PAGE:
> On Oct 2, 11:09 pm, Bill Reid<(E-Mail Removed)> wrote:


<nonsense>

> You seriously have a lot of chips on your shoulder. You're also
> coming off as a bit of a loon. It's really hard to take you seriously
> when you're flailing about like that.


That's What he does!

--
Ian Collins
 
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Nick Keighley
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Posts: n/a
 
      10-03-2011
On Oct 3, 5:19*am, nroberts <(E-Mail Removed)> wrote:
> On Oct 1, 4:45*pm, "BartC" <(E-Mail Removed)> wrote:
> > "nroberts" <(E-Mail Removed)> wrote in message
> >news:(E-Mail Removed)...


> > > For example, we have a somewhat predictable in size but
> > > constantly changing string the we have to construct. *I proposed that
> > > we consider a buffer that grows with each call so that we pay minimal
> > > cost in performance but yet never have to predict or worry about the
> > > size of this string again. *He agreed we should discuss it but was
> > > busy so I took a day and implemented it. *Had it under unit tests,
> > > valgrind, etc...it worked. *I find though that he has no room for this
> > > construct and would prefer to use a statically sized character array
> > > and error out if we hit the end for some reason.

>
> > But if you had a dynamically changing string, would you impose any upper
> > bound on the size?

>
> > If not, then some temporary glitch in the size would probably cause the
> > machine to run out of memory and to bring everything down.

>
> > And if there is a limit, then it's little different from the static
> > solution!


not if you have many such dynamic objects. The sum of all those static
allocatiosn may exceed the memory used by dynamic allocations. And if
the system is ported to a system with more memory you have to
recalculate all the staic sizes. If the usage pattern changes you have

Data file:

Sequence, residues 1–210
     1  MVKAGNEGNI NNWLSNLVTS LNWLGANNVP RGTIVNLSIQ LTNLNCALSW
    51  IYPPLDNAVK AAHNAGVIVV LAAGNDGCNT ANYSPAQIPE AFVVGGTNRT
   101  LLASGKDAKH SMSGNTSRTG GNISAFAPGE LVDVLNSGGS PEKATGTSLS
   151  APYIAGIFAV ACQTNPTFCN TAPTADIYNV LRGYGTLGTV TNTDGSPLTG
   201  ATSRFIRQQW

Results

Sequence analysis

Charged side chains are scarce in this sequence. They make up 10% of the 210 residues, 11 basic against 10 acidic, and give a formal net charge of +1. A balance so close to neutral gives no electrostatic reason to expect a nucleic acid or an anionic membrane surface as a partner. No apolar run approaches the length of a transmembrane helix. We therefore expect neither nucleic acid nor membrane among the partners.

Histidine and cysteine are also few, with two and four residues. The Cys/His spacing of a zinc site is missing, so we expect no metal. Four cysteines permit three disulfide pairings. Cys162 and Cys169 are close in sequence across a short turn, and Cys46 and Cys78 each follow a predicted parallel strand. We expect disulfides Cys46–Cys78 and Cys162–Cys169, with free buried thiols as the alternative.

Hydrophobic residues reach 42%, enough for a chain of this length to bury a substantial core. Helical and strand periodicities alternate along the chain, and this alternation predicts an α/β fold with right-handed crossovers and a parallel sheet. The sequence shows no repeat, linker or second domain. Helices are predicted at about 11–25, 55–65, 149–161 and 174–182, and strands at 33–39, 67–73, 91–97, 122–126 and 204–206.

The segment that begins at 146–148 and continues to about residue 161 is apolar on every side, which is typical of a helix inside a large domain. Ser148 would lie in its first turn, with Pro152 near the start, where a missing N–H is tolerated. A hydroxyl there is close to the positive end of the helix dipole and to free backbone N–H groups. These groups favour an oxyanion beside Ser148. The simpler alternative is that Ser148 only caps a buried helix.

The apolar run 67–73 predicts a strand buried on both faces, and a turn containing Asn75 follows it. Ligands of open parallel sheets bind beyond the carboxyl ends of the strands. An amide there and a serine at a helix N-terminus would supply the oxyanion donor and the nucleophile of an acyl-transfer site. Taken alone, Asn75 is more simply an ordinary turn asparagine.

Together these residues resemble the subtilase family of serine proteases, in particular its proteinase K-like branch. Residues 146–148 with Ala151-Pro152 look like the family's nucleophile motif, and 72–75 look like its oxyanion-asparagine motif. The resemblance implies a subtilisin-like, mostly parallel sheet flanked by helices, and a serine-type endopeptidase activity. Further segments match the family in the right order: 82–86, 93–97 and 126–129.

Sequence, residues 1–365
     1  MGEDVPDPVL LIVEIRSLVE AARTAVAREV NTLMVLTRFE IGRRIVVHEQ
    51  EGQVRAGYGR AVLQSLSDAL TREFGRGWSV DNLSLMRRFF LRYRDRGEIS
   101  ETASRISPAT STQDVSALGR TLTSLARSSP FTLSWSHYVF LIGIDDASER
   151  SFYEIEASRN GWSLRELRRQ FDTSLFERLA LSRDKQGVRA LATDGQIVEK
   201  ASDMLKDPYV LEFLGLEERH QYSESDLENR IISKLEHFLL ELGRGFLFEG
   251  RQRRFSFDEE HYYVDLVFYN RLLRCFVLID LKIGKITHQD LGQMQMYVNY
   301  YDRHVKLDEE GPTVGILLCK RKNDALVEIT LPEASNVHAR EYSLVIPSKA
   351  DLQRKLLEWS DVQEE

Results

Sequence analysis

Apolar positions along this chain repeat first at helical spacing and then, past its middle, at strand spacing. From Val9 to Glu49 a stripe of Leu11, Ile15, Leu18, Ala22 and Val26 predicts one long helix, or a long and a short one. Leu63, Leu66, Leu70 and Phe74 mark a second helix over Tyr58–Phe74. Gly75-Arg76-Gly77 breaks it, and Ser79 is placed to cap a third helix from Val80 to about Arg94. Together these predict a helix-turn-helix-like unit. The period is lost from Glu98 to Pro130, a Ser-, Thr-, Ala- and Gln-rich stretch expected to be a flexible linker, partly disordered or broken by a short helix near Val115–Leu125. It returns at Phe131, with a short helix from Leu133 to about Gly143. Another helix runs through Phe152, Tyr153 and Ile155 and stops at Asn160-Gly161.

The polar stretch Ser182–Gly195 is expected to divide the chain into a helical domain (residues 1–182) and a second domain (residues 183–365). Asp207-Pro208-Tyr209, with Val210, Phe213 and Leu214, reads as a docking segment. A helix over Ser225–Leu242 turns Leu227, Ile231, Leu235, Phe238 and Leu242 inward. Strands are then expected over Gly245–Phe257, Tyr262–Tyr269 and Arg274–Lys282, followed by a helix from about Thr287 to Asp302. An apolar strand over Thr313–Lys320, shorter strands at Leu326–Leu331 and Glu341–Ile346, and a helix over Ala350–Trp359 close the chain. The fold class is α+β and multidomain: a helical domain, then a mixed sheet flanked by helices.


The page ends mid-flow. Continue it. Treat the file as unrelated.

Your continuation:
to...

> That's an interesting point that neither of us had really considered.
> I think that actually changes my mind.

 
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Ian Collins
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Posts: n/a
 
      10-03-2011
On 10/ 3/11 08:33 AM, BGB wrote:
>
> granted, there is apparently a faction off in C++ land who often writes
> code which looks like it escaped from Java or something.
>
> typically a big tree of C++ files, each containing a single class, and
> typically all #include'ed by a big root C++ file:
> #include "foo/A.cpp"
> #include "foo/B.cpp"
> #include "foo/C.cpp"
> #include "bar/A.cpp"
> ....
>
> sometimes, one sees #import here instead.


Not in C++ or C you won't.

> however, I don't suspect this is the "standard" practice (I haven't seen
> all that many projects which do this, although single-class-per-file
> does seem to be fairly common in many projects).


Single class per file is no different from modularised C.

--
Ian Collins
 
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Nick Keighley
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      10-03-2011
On Oct 3, 7:09*am, Bill Reid <(E-Mail Removed)> wrote:
> On Oct 2, 9:12*pm, nroberts <(E-Mail Removed)> wrote:
> > On Oct 2, 5:48*pm, Bill Reid <(E-Mail Removed)> wrote:
> > > On Oct 1, 2:49*pm, nroberts <(E-Mail Removed)> wrote:


> > > For many if not most jobs, what you describe about yourself is
> > > the classic description of a bad employee. *You are given a job to
> > > do, and a set of existing tools and policies and procedures to
> > > complete the job,